When I was a child, I helped my mother with the cooking. Okay, the truth is that my mother worked, and from the time I was about 10 years old, I cooked dinner for the whole family three times a week. By myself. And at holidays? I was practically an indentured servant for the two huge holiday parties my mother always put on.

At the time, I was not a fan. I mean, what 10-year-old girl in her right mind would rather be cooking dinner than playing with her friends? And my mother was exacting; it had to be a complete meal: meat/fish/protein, grain, green vegetable, yellow or orange fruit or vegetable, and salad. Every night.

But, boy did I learn to cook a meal and cook it well:

  • The rabbit, that I didn’t want to cook, but it was there for me to prepare for dinner. (Julia Child led me through her recipe, and she’s been my friend ever since.) When I tried to refuse to eat it at the meal, my mother replied: “The French eat it, you were born in France, you can eat it, pretend it’s chicken if you have to.”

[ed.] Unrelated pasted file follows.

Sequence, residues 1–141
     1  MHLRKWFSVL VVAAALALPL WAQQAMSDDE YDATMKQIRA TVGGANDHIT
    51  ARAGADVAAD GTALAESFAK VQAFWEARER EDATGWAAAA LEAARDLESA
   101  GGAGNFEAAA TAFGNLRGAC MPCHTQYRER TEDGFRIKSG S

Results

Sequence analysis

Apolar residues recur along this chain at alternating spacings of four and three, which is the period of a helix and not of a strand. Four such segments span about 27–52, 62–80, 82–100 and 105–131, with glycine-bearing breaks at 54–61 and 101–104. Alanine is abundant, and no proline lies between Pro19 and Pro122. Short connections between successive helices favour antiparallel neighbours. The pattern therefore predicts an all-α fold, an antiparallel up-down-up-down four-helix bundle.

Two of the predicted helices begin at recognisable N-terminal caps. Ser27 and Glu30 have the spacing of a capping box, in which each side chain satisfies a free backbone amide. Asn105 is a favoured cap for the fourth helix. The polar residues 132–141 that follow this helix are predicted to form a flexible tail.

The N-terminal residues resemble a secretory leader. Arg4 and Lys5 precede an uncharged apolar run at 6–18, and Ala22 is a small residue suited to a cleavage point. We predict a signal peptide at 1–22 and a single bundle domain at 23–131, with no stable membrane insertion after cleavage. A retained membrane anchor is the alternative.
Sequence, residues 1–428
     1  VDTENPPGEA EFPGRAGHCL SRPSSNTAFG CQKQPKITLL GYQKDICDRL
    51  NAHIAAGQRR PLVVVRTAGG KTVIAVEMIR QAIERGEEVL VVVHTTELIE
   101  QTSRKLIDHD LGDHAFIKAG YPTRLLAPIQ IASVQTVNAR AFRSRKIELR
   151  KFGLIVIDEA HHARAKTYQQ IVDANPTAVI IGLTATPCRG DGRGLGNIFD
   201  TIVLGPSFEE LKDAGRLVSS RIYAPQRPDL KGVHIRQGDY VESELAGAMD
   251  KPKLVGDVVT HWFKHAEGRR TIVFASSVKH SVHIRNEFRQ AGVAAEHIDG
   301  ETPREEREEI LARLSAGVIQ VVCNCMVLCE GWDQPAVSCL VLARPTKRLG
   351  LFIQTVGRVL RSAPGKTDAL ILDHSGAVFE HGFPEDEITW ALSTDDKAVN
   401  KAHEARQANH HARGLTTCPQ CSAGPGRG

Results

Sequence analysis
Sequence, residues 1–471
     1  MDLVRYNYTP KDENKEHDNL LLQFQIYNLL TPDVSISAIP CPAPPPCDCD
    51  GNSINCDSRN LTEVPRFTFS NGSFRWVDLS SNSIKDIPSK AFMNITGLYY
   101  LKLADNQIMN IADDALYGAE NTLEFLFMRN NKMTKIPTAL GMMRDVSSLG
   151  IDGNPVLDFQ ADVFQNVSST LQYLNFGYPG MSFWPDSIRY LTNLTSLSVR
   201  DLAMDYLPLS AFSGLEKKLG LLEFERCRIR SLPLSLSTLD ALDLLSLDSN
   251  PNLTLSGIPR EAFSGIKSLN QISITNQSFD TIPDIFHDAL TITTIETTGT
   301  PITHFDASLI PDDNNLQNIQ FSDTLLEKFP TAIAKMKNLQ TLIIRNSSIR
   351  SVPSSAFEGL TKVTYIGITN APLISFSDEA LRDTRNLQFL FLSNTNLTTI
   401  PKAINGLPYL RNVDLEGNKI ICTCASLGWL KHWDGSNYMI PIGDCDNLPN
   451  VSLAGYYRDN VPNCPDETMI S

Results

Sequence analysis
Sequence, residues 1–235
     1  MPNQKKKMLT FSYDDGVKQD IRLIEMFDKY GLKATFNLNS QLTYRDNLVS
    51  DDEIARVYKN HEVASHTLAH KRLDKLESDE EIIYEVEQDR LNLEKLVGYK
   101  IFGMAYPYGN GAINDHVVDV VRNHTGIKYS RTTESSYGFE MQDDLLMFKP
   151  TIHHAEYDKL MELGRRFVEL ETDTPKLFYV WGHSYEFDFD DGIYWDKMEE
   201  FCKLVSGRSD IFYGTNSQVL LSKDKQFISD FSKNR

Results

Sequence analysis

• The family recipe for creamed spinach and bacon casserole that broke the blender every Christmas Eve (not to be confused with the Cranberry Ice family recipe that we made every Christmas Day with the new blender we bought late on Christmas Eve). Some of my best memories of my mother are when we laughed as conspirators in the kitchen every year.
  • The best (and simplest to make) baked macaroni and cheese you’ll ever taste, that my own kids adore.
  • The one-pot-meals we made on camp stoves in rustic kitchens in Kenya (yes, they still met all the food group specifications).
  • The knowledge that I can make a nutritious, complete, and delicious meal out of a crazy empty refrigerator.